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Out at lunch the other day a few of us mom bloggers got on the subject of kids throwing fits in public and how parents react to this humiliating, yet inevitable occurrence. I’m a fan of trying new things, especially if those things tend to make my life easier as a parent. It might seem lazy or selfish, but hey, I’m a mom on a mission every single day and in the words of Kimberly “Sweet Brown” Wilkins, ain’t nobody got time for that.

As soon as my kids got big enough to sit by themselves in the cart and take in all the wonders of stores like Safeway, Target and Fred Meyer, I discovered their happiness was totally dependent on whether or not they had fun distractions being thrown at them at a constant rate. Once the Fun Distraction Well had run out, they were all of a sudden not happy. This prompted crying, whining, what looked like convulsions and sometimes a high-pitched screeching sound, much like that of a baby pterodactyl. Or of course the perfect storm, a combination of those. That was always my favorite.

The first few times I was so freaked out by their freaking out that I would try and wrap up what I was doing in that moment and leave. I noticed each time that the fit would gradually subside as we left the store and got into the car to go home. Babies and children in general are manipulative geniuses — you should know this. I also found myself feeling worried that other parents were watching me and judging my every move. Maybe they were, maybe they weren’t.

After mustering up the courage and maybe feeling a little fed up of the same old stuff, I decided I would ignore them. Best decision ever. Now that they’re older and can speak their feelings of dismay directly at me, I calmly say things like, “Wow, you’re really throwing a fit right here in front of all these people?” Sometimes they just need to be reminded that they aren’t the only humans in the area being inconvenienced.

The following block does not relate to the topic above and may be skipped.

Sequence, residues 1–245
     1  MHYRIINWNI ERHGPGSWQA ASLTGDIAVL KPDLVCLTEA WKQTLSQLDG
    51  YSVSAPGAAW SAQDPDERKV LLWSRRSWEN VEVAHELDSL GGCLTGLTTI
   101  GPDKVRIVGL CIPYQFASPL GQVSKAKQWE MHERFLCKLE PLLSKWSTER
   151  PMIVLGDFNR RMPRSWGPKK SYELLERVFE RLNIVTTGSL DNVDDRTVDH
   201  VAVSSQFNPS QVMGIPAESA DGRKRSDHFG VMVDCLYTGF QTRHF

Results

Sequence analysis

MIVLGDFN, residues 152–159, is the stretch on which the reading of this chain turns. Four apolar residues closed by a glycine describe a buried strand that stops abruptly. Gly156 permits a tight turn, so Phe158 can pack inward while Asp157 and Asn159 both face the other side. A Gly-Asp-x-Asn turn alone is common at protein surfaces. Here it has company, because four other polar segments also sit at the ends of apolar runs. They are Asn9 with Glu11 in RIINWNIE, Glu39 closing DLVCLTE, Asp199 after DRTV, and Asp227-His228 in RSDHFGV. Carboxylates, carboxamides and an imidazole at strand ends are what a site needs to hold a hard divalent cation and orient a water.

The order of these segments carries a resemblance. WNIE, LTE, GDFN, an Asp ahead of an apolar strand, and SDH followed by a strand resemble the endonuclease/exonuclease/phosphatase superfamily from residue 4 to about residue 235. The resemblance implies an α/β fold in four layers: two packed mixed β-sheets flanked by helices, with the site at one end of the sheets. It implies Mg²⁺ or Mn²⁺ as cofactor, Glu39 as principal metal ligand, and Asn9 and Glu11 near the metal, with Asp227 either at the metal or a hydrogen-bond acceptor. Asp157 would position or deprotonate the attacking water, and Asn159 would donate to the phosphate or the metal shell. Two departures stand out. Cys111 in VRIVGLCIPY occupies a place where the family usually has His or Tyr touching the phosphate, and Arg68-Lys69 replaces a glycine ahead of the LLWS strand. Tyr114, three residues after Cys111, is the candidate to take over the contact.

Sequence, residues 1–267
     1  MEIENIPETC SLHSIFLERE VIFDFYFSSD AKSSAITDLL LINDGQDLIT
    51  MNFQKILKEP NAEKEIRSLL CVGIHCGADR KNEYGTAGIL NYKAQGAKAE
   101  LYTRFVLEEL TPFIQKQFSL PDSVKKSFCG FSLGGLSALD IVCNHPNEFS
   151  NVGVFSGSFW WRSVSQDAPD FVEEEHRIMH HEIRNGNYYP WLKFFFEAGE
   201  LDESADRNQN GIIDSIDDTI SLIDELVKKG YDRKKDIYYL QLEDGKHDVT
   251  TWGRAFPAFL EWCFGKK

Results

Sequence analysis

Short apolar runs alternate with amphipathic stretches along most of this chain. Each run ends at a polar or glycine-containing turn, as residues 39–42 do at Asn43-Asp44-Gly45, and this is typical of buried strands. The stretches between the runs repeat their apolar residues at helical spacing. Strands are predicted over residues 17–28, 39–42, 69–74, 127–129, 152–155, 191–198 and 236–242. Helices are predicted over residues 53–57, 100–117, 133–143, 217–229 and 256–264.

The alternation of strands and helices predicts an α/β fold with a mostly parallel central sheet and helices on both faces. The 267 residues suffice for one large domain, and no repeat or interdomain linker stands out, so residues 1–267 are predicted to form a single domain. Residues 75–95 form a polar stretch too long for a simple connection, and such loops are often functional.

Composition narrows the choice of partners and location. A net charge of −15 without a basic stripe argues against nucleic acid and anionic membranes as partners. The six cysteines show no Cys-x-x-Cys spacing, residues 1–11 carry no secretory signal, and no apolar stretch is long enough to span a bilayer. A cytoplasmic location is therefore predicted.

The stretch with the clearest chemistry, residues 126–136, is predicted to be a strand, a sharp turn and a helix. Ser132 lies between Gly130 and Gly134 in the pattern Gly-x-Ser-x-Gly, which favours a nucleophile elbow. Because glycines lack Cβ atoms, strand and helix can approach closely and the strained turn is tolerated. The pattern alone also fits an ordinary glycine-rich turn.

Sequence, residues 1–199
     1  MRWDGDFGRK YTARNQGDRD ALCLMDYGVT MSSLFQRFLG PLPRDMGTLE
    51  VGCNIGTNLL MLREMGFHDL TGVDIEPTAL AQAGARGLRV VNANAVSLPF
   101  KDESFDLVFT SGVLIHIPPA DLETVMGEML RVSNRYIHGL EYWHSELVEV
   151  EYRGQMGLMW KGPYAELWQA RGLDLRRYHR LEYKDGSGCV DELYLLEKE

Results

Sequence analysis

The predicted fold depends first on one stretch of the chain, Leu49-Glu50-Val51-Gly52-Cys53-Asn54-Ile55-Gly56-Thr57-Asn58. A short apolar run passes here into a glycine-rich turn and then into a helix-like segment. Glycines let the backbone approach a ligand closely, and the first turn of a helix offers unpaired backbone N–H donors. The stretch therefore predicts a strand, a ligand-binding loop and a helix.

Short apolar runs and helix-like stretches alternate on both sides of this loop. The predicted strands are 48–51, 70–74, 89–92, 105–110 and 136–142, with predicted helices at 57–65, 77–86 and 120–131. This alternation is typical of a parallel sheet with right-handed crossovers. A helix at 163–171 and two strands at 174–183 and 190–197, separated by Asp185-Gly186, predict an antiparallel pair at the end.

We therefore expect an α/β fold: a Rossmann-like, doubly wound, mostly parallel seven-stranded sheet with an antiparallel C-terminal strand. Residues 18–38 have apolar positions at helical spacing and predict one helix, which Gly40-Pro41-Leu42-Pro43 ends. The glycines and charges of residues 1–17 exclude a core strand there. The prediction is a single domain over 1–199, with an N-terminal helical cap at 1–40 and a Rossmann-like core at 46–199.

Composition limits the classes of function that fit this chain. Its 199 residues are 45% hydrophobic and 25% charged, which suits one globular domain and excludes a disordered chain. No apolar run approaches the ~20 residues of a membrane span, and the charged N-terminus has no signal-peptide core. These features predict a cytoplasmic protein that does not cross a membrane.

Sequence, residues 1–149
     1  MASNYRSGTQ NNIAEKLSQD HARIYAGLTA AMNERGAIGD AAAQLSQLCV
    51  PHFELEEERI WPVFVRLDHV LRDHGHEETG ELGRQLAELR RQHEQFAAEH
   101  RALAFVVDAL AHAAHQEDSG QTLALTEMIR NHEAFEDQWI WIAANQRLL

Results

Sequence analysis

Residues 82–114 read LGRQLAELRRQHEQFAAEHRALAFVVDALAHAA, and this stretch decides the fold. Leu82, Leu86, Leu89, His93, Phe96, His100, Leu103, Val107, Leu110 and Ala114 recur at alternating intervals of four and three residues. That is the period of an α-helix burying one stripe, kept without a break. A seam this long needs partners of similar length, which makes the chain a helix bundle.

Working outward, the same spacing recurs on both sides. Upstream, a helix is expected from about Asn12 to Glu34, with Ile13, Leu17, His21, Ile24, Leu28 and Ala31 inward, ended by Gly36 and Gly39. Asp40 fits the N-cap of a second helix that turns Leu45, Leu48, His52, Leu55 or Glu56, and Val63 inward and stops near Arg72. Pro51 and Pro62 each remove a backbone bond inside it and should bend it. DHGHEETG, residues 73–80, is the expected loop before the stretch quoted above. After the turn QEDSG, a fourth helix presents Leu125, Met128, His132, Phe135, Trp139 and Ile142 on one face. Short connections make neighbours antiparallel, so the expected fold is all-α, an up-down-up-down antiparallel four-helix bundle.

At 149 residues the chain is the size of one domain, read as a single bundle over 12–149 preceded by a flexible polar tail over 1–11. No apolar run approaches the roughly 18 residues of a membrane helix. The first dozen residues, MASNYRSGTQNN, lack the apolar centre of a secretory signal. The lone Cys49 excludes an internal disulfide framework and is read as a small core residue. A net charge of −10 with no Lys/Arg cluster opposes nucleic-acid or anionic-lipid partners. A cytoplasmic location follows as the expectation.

Once they realized they weren’t going to get anything out of it besides looks from passers by, the fits became fewer and far between. I also like to keep in mind that every child is different and some things may work for one but not the other. My son actually responds best to threats of being taken outside and “straightened out” or for an “attitude adjustment.” It makes the shopping trip much longer, which is exactly what he doesn’t want, so he usually makes the right decision because of it.

The most important thing though is to do what you feel most comfortable doing as a parent, and don’t worry about being judged in public when your kid flips a switch. We’ve ALL been there, in one form or another. You’re not alone. In fact, if I, Kathryn Bonny, see you in public and your kid is having a meltdown, I will only smile and mentally give you a hug because you’re awesome and I have felt your pain.

In solidarity,

Kat Bonny, exhausted mother of 2 (+1 in September)

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